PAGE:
81 women sue California hospital that put cameras in delivery rooms

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By Alex Johnson

Scores of women have gone back to court alleging that a Southern California hospital that installed hidden cameras in three labor and delivery rooms violated their privacy while they were “emotionally and physically exposed, and at their most vulnerable.”

The claim was first filed as a class action in 2016 but was denied class action status. It was refiled last week by 81 women who underwent procedures from July 2012 to June 2013, when the cameras were rolling at the Women’s Center at Sharp Grossmont Hospital in La Mesa, a northeastern suburb of San Diego.

As it did in 2016, Sharp HealthCare, the hospital’s nonprofit parent company, acknowledged in a statement Tuesday that it installed the motion-activated cameras and computer monitors, saying they were meant to catch the thief or thieves responsible for the disappearance of a powerful anesthetic from drug carts.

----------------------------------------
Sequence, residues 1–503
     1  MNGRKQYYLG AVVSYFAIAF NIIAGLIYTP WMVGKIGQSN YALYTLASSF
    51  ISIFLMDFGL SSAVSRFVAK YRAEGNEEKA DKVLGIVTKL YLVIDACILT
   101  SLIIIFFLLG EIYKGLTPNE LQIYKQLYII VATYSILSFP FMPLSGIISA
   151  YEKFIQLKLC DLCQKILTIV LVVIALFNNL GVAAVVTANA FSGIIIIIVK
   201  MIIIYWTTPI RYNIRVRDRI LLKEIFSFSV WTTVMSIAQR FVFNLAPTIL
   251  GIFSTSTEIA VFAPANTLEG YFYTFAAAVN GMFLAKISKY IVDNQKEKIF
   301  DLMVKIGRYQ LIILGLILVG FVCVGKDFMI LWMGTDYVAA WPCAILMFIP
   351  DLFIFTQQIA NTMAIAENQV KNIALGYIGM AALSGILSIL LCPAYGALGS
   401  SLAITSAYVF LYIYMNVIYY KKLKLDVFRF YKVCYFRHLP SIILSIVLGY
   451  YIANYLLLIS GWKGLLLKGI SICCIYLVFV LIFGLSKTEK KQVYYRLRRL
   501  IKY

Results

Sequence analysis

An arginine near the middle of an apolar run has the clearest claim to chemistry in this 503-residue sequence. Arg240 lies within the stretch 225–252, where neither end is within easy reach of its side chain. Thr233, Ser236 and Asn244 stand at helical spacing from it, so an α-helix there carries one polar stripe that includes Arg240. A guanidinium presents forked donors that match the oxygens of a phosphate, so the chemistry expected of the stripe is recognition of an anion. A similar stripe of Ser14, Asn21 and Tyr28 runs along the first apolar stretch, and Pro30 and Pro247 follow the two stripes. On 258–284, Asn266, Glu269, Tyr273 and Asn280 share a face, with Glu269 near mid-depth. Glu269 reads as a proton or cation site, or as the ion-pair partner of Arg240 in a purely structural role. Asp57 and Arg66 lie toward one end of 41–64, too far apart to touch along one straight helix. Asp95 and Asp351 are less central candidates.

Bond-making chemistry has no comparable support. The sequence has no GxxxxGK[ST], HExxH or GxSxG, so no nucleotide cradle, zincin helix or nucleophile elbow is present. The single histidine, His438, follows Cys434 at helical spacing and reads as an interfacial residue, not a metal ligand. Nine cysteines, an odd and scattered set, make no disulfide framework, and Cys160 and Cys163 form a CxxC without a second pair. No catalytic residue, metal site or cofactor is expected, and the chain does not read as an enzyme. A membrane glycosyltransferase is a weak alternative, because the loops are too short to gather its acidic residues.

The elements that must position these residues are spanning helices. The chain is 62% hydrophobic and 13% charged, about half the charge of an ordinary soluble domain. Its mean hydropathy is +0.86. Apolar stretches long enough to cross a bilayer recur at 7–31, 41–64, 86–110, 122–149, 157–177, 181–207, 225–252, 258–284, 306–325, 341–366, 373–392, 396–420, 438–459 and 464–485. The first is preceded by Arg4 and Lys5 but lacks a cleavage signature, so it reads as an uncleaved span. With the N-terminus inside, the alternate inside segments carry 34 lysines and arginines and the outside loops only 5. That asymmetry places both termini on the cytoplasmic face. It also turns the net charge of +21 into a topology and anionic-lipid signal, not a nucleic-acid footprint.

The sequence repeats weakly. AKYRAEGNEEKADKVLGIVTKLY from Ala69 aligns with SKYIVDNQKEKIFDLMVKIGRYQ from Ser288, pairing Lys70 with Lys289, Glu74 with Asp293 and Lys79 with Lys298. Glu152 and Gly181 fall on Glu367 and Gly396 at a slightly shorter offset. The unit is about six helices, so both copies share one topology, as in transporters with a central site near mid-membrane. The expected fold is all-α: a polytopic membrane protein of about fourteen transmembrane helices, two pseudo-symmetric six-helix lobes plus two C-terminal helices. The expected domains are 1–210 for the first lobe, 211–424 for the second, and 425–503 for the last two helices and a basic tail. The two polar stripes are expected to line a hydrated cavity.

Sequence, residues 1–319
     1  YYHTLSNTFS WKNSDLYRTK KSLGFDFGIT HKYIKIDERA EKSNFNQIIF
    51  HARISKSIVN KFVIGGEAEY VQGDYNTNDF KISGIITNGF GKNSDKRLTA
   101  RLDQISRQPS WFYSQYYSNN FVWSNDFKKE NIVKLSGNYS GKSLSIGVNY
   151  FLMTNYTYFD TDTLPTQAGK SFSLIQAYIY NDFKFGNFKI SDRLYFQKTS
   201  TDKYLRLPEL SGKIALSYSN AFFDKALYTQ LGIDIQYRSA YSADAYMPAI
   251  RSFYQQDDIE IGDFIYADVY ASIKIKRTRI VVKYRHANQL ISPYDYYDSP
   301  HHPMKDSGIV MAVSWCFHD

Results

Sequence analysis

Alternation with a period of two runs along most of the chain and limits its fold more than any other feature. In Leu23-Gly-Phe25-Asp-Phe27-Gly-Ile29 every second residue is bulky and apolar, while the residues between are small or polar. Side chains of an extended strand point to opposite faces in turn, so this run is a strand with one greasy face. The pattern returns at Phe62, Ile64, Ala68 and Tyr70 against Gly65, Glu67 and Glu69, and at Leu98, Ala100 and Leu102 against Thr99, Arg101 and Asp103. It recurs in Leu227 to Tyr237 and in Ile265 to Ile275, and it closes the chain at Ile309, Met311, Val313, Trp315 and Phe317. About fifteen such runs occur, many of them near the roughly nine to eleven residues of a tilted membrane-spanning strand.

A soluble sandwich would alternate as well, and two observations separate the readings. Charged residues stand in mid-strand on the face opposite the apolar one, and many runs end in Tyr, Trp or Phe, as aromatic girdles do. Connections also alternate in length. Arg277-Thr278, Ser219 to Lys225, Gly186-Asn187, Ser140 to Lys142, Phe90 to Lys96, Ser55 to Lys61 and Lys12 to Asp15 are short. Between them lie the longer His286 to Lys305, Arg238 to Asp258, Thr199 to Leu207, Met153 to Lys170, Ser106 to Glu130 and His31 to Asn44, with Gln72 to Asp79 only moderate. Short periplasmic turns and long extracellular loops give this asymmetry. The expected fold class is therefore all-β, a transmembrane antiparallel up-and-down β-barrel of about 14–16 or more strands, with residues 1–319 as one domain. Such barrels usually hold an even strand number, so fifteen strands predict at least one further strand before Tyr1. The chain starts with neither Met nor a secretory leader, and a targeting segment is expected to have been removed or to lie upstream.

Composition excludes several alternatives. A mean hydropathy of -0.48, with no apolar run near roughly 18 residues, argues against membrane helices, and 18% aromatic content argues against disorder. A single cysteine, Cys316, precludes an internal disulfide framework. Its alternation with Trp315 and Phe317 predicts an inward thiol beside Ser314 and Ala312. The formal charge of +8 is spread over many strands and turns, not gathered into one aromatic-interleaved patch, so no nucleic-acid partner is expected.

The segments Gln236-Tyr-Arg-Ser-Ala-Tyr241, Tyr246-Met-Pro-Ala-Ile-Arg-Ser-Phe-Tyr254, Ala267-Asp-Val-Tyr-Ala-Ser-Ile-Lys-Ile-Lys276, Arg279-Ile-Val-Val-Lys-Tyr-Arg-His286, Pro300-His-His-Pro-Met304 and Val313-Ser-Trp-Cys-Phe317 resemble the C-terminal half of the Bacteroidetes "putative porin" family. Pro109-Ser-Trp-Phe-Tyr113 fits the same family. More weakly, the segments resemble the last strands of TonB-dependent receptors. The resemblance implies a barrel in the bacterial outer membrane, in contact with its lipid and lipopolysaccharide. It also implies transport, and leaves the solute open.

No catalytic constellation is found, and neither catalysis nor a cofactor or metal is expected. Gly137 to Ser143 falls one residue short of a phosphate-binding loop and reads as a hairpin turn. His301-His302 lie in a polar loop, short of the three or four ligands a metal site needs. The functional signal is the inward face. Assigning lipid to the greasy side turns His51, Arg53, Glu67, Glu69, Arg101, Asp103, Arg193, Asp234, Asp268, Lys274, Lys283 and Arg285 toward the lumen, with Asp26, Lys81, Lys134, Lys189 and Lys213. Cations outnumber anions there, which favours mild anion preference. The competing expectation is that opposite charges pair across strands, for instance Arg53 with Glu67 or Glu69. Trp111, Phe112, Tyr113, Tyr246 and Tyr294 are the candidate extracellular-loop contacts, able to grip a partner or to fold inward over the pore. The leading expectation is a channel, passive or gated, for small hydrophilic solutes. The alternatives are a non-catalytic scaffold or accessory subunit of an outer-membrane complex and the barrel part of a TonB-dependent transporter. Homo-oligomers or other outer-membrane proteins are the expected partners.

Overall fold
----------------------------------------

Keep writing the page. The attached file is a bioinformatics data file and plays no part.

“Although the cameras were intended to record only individuals in front of the anesthesia carts removing drugs, others, including patients and medical personnel in the operating rooms, were at times visible to the cameras and recorded,” the medical company said.

“We sincerely regret that our efforts to ensure medication security may have caused any distress to those we serve,” it said, adding that images taken by the cameras “were used for this particular case only and have not been used again.”